The Toddler Owner's Manual
by Brett R. Kuhn, Ph.D., and Joe BorgenichtQuirk Books; $14.95
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As new parents fill their shelves with parenting books, dads quickly realize that most of these relegate the father to a parenthetical comment. "There will be a long explanation about what mother should do, and then it will say something like ‘(and father too, of course).'" writes dad of two, Joe Mills. "The parenthesis may imply obligation—'we have to mention this'—or bemusement—'Ha, ha, as if father will help,'—but it makes clear that the book's target audience is not dads." Mike Dabaie, a dad looking forward to his first Father's Day, agrees: "Most parenting books make it seem like the father's going to be watching football while the mother takes care of everything. But that's just a myth."
Fortunately, several new books assume that fathers are involved with their children. Here are four of the best.
Be Prepared: A Practical Handbook for New Dads has the cover and format of a Boy Scout manual, and it embraces "guy" stereotypes. It recommends mixing formula in batches, a "six-pack" at a time, and using a beer pitcher to do so. This feels a little gimmicky, but, overall, the book strikes a balance between shtick and statistics. Be Prepared is an easy, entertaining read, which is an improvement over the many parenting books that intimidate and overwhelm. I like knowing, for example, that reggae music is particularly soothing to babies because its solid rhythm cycles at approximately 60 beats per minute. And I wish I'd known when my daughter was a bit younger that sitting on a running dryer can soothe a crying infant.
Fathering Your Toddler could just be titled "Parenting Your Toddler." Although author Armin Brott has made a career out of being a father, with a syndicated column, a talk show, and a series of books, the text attempts to be gender-neutral. Topics range from the pros and cons of computer use to dealing with a child's fears to the importance of having a will. The book also provides developmental guidelines, booklists, and useful Web sites. Brott tries to be comprehensive, and he succeeds. This is a book that you will repeatedly pull from your shelf to find quick answers.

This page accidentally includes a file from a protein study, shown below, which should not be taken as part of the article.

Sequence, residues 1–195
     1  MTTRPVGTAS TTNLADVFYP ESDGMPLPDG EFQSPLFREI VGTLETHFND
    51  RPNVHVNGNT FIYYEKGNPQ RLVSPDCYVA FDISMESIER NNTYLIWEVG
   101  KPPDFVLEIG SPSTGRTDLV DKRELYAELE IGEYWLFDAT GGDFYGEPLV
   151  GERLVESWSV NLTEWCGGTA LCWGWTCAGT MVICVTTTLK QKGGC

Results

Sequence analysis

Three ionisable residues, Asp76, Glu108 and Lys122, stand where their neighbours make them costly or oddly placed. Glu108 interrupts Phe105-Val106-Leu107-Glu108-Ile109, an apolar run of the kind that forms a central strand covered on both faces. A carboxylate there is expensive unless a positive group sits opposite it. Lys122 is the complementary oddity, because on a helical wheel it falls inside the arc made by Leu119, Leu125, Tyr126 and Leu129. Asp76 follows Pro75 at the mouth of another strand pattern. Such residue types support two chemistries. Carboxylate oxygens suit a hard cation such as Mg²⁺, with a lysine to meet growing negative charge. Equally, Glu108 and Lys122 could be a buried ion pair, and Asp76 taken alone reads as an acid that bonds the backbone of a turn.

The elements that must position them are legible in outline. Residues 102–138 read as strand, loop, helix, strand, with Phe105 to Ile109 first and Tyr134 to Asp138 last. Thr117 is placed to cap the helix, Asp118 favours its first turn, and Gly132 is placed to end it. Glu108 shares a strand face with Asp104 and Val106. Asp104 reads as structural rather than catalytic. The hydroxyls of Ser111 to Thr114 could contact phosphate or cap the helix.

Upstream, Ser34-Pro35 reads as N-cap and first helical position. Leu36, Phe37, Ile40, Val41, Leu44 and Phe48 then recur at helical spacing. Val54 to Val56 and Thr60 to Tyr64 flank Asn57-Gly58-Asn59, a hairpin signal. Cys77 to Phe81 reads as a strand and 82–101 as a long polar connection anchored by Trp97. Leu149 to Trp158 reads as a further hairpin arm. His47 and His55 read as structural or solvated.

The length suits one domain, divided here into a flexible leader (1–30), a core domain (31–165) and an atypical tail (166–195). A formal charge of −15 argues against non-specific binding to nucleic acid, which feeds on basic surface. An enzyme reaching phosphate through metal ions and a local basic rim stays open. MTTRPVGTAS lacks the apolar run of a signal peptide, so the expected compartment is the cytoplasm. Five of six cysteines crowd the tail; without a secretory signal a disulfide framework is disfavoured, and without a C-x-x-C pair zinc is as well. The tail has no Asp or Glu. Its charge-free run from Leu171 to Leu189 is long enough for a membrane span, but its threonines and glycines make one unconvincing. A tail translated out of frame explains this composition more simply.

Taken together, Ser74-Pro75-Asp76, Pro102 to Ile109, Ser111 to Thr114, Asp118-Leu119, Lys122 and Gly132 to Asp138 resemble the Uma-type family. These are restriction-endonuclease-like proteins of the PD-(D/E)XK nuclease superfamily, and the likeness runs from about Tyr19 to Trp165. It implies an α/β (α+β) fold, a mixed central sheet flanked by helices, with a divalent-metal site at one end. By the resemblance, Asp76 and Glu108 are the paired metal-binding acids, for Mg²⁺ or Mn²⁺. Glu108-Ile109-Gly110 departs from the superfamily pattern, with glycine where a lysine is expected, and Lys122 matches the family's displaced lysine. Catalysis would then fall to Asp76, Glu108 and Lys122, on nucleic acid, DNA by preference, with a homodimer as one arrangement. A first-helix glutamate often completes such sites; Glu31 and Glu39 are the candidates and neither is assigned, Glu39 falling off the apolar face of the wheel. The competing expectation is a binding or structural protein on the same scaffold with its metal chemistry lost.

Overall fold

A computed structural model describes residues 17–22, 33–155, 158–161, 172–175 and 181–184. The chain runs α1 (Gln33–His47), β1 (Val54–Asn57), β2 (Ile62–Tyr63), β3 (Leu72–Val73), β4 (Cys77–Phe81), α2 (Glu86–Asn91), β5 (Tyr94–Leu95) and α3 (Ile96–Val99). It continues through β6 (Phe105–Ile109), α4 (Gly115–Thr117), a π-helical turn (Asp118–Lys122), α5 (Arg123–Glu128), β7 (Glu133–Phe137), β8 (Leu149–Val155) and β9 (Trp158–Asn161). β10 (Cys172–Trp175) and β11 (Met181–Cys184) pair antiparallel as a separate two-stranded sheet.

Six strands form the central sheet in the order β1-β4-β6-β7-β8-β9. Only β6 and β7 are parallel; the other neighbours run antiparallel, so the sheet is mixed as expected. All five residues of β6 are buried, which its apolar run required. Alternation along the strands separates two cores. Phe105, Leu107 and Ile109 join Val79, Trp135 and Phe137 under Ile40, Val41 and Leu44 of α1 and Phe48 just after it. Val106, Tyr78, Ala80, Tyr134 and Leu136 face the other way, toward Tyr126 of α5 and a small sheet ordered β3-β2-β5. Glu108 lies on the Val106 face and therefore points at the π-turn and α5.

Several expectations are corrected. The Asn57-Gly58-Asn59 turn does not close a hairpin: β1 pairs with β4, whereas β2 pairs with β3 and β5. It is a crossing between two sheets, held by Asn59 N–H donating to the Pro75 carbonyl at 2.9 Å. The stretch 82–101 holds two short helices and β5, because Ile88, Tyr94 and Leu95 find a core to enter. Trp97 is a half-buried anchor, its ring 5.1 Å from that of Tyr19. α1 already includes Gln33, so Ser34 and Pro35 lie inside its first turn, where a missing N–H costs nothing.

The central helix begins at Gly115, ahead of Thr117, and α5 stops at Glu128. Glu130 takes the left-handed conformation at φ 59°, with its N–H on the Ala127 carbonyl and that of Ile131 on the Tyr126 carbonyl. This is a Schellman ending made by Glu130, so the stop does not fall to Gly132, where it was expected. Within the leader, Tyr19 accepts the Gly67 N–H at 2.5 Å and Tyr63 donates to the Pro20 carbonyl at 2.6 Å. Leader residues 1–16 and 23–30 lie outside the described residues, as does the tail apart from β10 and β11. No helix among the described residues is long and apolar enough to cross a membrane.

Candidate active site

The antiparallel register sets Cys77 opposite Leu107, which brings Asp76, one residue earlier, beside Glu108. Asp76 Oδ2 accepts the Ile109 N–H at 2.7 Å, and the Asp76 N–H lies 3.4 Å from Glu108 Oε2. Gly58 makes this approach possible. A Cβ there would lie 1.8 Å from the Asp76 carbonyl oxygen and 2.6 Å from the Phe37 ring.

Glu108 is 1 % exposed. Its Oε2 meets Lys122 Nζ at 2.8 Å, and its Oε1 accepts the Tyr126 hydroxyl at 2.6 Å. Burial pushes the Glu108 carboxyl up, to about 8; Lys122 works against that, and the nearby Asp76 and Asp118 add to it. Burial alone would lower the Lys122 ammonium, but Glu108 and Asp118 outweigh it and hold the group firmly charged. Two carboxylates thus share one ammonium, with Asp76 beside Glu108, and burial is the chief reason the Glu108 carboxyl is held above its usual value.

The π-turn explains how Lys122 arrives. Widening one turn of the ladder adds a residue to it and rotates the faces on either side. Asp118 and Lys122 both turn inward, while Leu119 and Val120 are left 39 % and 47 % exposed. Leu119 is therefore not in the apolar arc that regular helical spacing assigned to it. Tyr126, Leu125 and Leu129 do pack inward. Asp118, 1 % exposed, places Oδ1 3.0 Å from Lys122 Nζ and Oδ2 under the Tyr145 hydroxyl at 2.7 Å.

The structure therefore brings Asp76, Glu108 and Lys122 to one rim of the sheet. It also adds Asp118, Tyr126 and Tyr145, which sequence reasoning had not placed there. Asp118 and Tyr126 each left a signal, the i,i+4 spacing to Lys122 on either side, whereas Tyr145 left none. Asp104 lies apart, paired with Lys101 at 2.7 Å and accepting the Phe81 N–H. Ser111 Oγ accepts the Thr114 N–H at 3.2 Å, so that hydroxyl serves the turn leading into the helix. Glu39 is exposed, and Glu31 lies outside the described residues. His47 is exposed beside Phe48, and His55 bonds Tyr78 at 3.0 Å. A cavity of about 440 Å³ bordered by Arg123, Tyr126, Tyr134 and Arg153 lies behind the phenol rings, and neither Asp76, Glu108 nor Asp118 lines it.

Between diaper changes, late-night wake-up calls, and trying to bond with a little one, dads could use a little serenity. That's where Crouching Father, Hidden Toddler comes in. Author C.W. Nevius offers a lighthearted "zen" take on the trials, tribulations, and joys of being a new dad, in bite-sized pieces of wisdom. (One of my favorites, regarding eating out with a baby: "You may find that you have never had such fast service in your life. You are likely to be seated, fed, and back out the door in nothing flat." I have found this to be all too true.) But what makes this book easy for dads to relate to are its forays into topics not usually covered in parenting tomes, such as inadvertently lapsing into baby talk with adults (admit it, we've all done it).
If you want everything spelled out for you, try The Toddler Owner's Manual. Written like the instruction manuals that come with home-electronics equipment (except much, much clearer), this book takes the guesswork out of everything from discipline to naps to preparing for the arrival of a new sibling. Augmented by expert tips ("offer her two choices of clothing" has been a lifesaver with my toddler), the book addresses almost every challenge a dad could face. The Toddler Owner's Manual is a follow-up to The Baby Owner's Manual (2003), which is why the authors keep sight of the changing needs ("upgrades") of kids as they grow from infants to toddlers.
Reviewed by Joe Mills, a writer and college professor in Winston-Salem, North Carolina, and Mike Dabaie, a writer and editor in Bloomfield, New Jersey.
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